Washington Freezes Military Aid To Colombia
The US government wants Bogota to exempt American soldiers from possible prosecution at the International Criminal Court. The decision impacts 50 other countries
Colombia's President Alvaro Uribe won't receive the outstanding $5 million military aid from the annually scheduled $ 100 million agreed by the US Congress. The reason: Bogota has not yet agreed to secure immunity for the 400 US troopers stationed in Colombia from possible prosecution at the International Criminal Court (ICC).
Colombia has been included in the list of 50 countries declared ineligible for military aid due to this reason, according to US State Department spokesman Richard Bouer's in a statement released in Tuesday. However, Washington issued waivers for 22 countries, in order to put pressure over them to pass the exemption resolutions. Countries like Egypt, Israel, Argentina and Brazil (non-NATO allies) were given deadlines to comply with US requirements.
Colombia is one of the largest recipients of US military aid, as both governments have signed cooperation agreements to fight leftist guerillas and drug trafficking in country's rainforests. To reinstate aid, Washington wants Colombia to sign a bilateral agreement to secure immunity for American military personnel. Colombia, in turn, replied that has already signed in 1962 a similar deal with Washington, but the State Department says it is not enough and Colombia should sign a new one before it receives any addition funds.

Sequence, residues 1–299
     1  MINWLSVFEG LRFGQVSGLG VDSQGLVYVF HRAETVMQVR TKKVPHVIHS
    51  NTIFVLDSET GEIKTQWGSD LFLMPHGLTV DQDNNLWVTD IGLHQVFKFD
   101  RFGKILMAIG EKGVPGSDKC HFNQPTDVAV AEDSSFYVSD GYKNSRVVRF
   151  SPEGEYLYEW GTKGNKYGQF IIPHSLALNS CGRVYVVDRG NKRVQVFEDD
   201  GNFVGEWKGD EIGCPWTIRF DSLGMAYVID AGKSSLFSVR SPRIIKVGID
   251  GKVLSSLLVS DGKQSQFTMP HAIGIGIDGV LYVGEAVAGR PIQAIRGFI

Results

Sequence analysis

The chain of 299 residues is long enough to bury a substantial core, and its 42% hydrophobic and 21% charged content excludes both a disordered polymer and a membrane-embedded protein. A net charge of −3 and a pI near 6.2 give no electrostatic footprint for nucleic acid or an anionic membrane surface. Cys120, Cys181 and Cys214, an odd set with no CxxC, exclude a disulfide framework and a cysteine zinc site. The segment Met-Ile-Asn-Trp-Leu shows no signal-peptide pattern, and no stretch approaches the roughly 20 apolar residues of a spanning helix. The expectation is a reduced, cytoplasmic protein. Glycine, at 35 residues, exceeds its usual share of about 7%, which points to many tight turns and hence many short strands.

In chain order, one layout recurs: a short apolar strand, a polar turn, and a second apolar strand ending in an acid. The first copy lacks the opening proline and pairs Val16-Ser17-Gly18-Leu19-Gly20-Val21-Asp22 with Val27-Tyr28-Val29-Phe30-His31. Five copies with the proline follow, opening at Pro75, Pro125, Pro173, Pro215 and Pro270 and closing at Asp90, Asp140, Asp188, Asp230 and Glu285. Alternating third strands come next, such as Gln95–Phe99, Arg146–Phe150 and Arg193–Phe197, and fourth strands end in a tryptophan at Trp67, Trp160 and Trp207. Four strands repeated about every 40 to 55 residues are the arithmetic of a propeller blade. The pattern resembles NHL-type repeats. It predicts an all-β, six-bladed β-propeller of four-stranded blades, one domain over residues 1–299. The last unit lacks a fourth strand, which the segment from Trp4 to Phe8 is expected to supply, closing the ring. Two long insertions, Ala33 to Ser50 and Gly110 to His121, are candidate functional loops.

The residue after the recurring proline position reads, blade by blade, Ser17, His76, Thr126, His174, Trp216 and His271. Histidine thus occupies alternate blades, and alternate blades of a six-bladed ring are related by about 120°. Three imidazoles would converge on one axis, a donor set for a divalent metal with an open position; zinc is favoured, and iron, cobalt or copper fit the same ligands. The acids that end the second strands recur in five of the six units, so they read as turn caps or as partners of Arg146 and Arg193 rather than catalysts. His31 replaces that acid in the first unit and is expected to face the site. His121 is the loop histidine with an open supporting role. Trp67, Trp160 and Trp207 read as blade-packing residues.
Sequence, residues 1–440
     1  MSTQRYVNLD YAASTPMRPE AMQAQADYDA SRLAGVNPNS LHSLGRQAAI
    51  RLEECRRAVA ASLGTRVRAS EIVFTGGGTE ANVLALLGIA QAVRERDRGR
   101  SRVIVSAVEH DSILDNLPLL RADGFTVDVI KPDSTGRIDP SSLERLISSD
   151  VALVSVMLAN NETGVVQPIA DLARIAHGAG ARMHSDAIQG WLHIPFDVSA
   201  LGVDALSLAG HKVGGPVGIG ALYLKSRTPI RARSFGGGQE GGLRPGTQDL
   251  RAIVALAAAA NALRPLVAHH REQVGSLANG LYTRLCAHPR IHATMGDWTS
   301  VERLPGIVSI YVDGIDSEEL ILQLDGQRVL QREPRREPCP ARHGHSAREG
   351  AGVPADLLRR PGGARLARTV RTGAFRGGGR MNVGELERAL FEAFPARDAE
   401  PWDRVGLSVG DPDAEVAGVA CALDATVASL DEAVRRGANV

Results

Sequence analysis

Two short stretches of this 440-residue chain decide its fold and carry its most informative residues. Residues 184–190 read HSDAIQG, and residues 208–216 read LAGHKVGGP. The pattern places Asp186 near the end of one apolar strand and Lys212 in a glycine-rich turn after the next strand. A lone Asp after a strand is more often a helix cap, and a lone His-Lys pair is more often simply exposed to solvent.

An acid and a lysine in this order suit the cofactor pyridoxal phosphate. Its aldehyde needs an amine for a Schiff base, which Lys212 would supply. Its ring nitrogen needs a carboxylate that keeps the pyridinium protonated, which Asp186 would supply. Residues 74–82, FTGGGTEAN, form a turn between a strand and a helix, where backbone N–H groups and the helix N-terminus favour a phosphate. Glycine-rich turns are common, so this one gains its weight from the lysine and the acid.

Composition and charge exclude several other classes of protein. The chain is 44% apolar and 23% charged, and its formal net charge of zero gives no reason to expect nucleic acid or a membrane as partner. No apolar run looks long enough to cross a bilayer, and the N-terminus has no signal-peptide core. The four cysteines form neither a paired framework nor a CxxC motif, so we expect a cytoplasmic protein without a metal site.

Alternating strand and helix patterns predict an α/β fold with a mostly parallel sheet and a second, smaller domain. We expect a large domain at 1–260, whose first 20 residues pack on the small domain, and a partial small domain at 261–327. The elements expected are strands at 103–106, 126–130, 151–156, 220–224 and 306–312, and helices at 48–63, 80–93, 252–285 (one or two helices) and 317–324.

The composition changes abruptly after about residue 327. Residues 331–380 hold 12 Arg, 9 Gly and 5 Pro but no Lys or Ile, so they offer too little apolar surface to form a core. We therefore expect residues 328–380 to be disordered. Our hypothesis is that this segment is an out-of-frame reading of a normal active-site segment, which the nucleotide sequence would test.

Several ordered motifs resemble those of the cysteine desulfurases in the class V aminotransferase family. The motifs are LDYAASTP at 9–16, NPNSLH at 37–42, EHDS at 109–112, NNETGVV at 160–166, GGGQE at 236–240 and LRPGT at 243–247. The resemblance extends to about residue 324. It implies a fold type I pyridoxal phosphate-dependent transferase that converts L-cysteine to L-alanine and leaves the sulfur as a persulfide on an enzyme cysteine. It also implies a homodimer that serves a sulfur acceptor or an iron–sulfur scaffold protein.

According to a number of sources, US it is also putting pressure on Brazil's and Argentina's governments to approve the exemptions. However, both Mercosur countries look reluctant to comply with US demands and could even issue a joint declaration stating their position in this regard.
The suspension covers international military education and training funds and foreign military funding, which pays for US weapons and other aid. The US Congress passed the law in reaction to the International Criminal Court, set up to try war crimes and acts of genocide. The United States says it feared politically motivated prosecutions of its civilian or military leaders.
Over 50 countries signed the ICC declaration, which has found strong support in both the European Union and some Latin American countries. These nations believe that the American strategy against the Court is a serious threat to tribunal's success.